Kentucky 911 Centers Bridge Cellphone Location ID Gap with Pilot Program

Mobile phones have posed an issue for dispatchers when it comes to identifying a caller’s location. A new pilot program in Owensboro-Daviess County will help 911 centers solve that problem.

by James Mayse, Messenger-Inquirer / October 2, 2017

(TNS) -- Owensboro-Daviess County, Ky., 911 dispatch will launch a pilot program in the next few weeks, which Director Paul Nave says will improve the center's ability to locate a person calling 911 from a cellphone.

Location accuracy of people using cellphones in homes and buildings has long been an issue for 911 centers, Nave said. While dispatchers get an accurate location from 911 calls made outside on cellphones, a cell call from inside a structure only gives an approximate location. If a person having a heart attack calls 911 from inside their home on a cellphone, dispatchers can only place the location of the call within a 150-meter radius.

The problem only arose when people began replacing landline telephones -- which gave exact locations -- with cellphones, Nave said.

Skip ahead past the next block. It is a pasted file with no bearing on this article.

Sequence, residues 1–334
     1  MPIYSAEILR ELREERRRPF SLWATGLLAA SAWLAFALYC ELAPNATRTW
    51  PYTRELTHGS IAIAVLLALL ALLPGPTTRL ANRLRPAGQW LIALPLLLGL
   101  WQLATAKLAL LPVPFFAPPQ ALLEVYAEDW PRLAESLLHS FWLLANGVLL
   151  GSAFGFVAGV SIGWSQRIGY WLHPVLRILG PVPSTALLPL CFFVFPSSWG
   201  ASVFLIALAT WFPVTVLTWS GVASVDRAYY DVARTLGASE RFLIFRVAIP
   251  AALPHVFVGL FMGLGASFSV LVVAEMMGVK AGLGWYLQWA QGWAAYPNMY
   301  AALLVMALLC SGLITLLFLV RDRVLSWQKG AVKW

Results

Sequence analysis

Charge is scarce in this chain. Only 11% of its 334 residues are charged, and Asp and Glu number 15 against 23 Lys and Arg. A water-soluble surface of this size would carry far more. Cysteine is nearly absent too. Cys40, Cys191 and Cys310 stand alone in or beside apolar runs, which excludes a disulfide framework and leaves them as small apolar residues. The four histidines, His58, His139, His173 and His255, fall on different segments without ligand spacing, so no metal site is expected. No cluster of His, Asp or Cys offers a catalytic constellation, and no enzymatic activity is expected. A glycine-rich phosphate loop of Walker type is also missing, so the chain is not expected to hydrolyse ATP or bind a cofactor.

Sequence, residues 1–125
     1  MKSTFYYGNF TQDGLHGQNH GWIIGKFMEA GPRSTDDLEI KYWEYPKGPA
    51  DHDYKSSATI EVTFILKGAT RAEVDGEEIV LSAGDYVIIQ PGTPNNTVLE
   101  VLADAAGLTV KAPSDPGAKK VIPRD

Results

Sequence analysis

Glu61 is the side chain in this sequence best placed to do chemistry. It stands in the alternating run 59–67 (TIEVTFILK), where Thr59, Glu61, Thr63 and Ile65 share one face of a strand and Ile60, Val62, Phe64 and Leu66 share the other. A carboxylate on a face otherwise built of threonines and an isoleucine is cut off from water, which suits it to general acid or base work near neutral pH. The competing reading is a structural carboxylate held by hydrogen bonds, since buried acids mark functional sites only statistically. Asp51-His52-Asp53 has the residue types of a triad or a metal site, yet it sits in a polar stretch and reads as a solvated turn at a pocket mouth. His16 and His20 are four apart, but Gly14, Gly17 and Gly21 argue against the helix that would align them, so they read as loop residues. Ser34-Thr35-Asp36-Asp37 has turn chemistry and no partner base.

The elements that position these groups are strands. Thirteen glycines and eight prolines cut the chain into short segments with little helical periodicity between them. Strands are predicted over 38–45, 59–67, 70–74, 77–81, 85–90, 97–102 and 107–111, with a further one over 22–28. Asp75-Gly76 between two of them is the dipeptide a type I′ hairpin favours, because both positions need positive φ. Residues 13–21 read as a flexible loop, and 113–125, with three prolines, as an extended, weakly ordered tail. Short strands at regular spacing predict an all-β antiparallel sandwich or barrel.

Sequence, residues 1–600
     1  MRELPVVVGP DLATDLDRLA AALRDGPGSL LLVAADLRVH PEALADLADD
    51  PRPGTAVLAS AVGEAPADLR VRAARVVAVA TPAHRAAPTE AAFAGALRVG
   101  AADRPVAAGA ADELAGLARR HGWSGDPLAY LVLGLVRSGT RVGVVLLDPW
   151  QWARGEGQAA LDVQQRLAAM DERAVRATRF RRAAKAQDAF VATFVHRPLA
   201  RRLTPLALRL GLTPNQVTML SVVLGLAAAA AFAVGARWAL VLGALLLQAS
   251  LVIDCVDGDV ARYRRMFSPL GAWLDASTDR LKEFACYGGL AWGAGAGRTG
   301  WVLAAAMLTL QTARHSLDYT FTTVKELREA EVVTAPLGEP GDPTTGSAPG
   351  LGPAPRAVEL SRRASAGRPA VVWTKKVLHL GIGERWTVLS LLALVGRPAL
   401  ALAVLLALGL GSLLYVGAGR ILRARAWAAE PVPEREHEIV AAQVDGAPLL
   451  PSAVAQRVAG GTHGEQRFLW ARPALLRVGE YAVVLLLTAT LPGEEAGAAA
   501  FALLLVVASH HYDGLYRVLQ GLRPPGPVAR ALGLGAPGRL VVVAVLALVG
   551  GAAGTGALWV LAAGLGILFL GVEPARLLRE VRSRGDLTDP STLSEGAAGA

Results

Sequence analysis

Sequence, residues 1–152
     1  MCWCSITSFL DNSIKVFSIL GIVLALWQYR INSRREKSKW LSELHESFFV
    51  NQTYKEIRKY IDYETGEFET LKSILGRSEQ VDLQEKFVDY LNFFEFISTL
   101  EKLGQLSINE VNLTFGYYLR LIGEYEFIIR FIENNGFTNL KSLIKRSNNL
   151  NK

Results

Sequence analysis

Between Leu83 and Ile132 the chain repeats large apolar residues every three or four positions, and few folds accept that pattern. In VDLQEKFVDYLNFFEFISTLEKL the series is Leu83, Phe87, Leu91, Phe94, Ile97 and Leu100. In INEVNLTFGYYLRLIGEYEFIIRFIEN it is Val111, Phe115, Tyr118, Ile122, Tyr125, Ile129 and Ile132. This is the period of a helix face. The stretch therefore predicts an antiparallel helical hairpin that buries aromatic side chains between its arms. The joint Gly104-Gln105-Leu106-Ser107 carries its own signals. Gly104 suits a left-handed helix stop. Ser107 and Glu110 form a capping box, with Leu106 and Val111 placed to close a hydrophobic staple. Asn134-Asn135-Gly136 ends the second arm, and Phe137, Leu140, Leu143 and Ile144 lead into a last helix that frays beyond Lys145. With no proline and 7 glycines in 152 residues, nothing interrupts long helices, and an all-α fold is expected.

"We really went back in time," when people switched to cellphones and 911 lost location accuracy, Nave said. An app from your favorite pizza chain knows your address, but "what frustrates me is the location has not kept up" for 911 centers, he said.

"The assumption is that we know your location" when a person calls 911 from a cellphone in a structure, "and that's just not true," Nave said.

Nave said the city-county dispatch center is the first agency in the state to partner with California-based Rapid S.O.S. on the location service. When the pilot program launches in three to four weeks, people will be able to download a phone app that will better pinpoint where a person with a cellphone is calling from, Nave said.

"This is truly a milestone for the 911 community, narrowing that 150 meters down to just meters," Nave said.

Although officials won't know how accurate the system is until they begin testing it, Nave said the hope is that accuracy will improve to "seven to 10 meters or less."

"It uses internet-based technology to locate you," Nave said Monday.

The dispatch center will be ready to sign people up for the app in about a month, Nave said. There is no cost for the service to residents or the city and county, he said.

Sometime over the next several months, the Rapid S.O.S. system is expected to work on all cellphones, regardless of whether people have downloaded the app, Nave said.

"Our goal is in six to eight months, it will be deployed in this region by commercial phone carriers," he said. "You won't have to worry about the app."

©2017 the Messenger-Inquirer (Owensboro, Ky.) Distributed by Tribune Content Agency, LLC.